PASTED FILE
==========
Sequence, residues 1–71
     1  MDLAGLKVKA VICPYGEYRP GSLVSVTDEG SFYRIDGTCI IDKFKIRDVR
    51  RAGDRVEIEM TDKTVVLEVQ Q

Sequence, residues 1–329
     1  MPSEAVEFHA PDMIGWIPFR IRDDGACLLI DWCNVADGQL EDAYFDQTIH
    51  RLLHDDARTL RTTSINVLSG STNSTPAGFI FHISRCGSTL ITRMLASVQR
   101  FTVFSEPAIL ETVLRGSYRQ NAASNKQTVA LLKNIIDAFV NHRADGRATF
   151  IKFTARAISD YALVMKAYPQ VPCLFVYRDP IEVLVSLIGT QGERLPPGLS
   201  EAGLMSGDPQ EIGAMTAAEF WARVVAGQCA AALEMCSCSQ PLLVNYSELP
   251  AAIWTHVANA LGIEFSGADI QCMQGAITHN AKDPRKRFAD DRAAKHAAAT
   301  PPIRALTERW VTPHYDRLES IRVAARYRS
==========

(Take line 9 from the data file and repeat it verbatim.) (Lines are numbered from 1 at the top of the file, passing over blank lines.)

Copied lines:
   201  EAGLMSGDPQ EIGAMTAAEF WARVVAGQCA AALEMCSCSQ PLLVNYSELP